Now on to their three arguments.

 

Argument 1: Belief in Human Dignity Requires Christianity

 

Why do we atheists saw off the branch on which humanism rests? The authors say about human dignity:

 

Atheist humanists tend to ground dignity in our capacity for rational thought and action.  It is the ability to direct our will to own freely-chosen ends that means that we exist as an end in ourselves and not merely as means to other ends. The problem with such arguments, however, is that they limit the range of people who can be said to possess dignity. Arguments from our capacities to our dignity exclude those human beings who have either never possessed such rationality or who have lost it (e.g. through degenerative conditions) and will not acquire it again. Indeed, by some reckonings, it even leaves out infants, even though the vast majority of them will one day acquire it. Wherever one draws the line, the fact is that when built on the foundations of our capacities, human dignity becomes relative, not absolute.

 

Well some atheists may ground dignity just in the capacity for rational thought, but there’s no official humanist position and in fact many would disagree with that account, myself included. I think being autonomous and self-directed is an important good, but it’s not the only thing about us that’s important.

 

What is true is that many Humanists consider the human/non-human species boundary of no intrinsic value. What makes individuals valuable and worthy of moral consideration are characteristics other than species membership. These characteristics no doubt include the capacity to suffer, which is one reason why we Humanists suppose other species matter morally.

 

Now obviously there are all sorts of interesting and important issues to resolve here about the extent to which we should extend rights, moral consideration, and so on to other humans and non-humans (pigs, dogs and extra-terrestrials). But the one thing we Humanists don’t do is claim we humans are all ‘special’ by virtue of our possessing some mysterious, God-given, only-theologically-revealed ‘something’ – a ‘something’ the presence of which in us humans and the absence of which in other species we must accept on the say-so of the theologians.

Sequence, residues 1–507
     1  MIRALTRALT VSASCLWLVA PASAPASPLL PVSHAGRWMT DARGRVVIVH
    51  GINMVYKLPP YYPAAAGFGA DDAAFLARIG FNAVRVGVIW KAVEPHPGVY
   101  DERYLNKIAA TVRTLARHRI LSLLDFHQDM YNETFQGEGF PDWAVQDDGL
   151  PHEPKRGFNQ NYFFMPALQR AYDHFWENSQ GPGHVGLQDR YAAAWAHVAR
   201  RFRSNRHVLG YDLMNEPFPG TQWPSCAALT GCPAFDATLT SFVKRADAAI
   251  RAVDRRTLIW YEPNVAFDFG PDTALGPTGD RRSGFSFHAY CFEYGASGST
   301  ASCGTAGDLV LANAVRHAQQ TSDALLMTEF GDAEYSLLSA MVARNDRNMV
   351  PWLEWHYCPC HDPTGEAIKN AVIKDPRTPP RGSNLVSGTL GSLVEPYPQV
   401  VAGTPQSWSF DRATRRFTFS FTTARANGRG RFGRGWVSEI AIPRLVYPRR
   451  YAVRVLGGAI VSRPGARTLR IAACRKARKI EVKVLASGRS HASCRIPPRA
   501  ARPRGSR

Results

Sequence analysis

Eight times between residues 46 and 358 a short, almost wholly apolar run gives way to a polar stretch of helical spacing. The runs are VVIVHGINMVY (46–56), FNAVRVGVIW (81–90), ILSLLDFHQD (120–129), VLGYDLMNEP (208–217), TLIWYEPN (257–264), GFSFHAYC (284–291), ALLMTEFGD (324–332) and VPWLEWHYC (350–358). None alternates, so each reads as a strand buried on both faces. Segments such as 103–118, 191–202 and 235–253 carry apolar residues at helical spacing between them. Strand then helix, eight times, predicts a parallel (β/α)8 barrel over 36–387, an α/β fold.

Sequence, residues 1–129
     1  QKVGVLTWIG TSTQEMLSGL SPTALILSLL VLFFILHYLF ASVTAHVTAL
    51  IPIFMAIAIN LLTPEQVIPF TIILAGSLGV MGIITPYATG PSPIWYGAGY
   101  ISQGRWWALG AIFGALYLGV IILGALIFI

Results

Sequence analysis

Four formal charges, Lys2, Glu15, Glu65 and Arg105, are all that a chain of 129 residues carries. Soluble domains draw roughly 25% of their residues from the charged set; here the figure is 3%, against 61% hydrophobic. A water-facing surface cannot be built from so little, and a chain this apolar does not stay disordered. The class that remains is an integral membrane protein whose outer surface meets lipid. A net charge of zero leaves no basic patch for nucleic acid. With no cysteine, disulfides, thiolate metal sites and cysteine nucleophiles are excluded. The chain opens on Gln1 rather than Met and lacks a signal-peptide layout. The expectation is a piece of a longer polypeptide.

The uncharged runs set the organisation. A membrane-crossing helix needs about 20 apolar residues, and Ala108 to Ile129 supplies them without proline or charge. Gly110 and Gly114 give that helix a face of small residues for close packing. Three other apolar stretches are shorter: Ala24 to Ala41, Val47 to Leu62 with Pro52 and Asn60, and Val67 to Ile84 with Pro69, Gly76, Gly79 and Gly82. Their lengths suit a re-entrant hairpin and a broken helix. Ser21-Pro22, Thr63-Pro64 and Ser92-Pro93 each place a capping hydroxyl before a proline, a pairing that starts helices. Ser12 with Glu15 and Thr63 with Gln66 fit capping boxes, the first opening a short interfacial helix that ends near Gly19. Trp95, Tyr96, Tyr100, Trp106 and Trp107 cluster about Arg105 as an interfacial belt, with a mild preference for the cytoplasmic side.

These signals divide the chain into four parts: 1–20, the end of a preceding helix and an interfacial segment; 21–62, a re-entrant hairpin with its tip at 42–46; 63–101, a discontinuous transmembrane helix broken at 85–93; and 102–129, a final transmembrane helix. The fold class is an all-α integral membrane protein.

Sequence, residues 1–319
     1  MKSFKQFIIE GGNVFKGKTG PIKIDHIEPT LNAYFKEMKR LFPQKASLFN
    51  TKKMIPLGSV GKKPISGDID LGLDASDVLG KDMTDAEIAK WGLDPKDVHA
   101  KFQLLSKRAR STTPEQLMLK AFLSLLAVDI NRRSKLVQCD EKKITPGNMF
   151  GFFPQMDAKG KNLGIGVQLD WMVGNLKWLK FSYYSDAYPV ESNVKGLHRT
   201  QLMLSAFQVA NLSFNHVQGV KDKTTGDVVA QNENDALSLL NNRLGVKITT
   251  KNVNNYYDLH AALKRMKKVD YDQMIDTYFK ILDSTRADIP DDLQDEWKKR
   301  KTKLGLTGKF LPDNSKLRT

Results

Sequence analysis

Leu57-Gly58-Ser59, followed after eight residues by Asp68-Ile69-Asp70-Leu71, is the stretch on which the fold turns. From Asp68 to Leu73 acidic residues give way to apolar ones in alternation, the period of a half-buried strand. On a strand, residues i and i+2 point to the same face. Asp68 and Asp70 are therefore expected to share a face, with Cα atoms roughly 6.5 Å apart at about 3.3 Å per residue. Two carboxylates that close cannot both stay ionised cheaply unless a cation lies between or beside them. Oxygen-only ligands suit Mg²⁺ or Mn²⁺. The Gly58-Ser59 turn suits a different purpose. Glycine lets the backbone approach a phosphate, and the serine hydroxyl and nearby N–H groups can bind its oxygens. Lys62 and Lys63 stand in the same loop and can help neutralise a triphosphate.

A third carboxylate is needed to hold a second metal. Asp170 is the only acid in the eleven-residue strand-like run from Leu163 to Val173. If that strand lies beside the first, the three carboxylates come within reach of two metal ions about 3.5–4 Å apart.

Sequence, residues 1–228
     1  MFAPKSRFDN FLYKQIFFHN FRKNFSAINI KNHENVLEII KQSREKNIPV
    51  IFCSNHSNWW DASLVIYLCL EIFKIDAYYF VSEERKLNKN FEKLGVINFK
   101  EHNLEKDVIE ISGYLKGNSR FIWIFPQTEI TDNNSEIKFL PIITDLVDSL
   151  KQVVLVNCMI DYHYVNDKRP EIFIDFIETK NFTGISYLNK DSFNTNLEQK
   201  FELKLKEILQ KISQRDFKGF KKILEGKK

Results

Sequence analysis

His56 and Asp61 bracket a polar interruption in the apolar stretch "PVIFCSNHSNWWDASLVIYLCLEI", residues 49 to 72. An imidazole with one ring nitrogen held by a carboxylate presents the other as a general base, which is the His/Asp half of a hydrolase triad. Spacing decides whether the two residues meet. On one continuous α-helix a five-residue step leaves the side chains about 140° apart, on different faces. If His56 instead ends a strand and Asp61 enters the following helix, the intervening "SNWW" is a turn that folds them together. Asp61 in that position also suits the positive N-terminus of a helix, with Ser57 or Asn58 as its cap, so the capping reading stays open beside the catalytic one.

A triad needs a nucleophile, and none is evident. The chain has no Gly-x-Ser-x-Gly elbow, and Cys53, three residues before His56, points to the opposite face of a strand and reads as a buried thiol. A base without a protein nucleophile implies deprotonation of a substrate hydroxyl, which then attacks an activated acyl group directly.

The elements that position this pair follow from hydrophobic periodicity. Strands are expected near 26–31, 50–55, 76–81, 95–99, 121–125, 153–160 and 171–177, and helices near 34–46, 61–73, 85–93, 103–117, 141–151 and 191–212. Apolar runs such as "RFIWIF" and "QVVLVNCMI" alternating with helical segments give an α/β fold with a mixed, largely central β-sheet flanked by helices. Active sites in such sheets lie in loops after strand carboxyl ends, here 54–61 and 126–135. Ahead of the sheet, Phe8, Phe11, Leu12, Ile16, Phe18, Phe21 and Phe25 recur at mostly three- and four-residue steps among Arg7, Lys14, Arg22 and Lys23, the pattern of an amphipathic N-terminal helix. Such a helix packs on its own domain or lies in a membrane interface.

Once we accept that the differences that matter re. rights, moral respect, and so on are such magical, otherwise undetectable differences, difference we can know are there only because scripture/revelation/religious tradition tell us so, then it will be theology and the theologians that determine who gets what rights, moral respect, and so on. And of course we know how reliable theology and theologians are on such matters, don ‘t we? Want to draw a line determing who gets certain rights and who doesn’t between humans and non-humans, or men and women, or gays and straights, or black and white? You’ll be able to find a theologian willing to tell you that is indeed where God drew one of his magical lines.

 

The thought that there’s a magical, only-theologically-detectable difference between humans and non-humans that grants all and only the humans (including human embryos) a special ‘dignity’ requiring a special sort of moral ‘respect’ can certainly make moral judgements concerning abortion, euthanasia, etc. reassur
ingly simple and straightforward. We Humanists, on the other hand, consider these issues rather more complex. Because they are.

 

Notice, by the way, that to appeal to such a magical, only-theologically-detectable difference in determing rights and dignity is indeed to appeal to a difference beyond the ability of science and reason to detect, making its existence entirely a matter of ‘faith’. Which is what I thought the authors of this report wanted Christians avoid?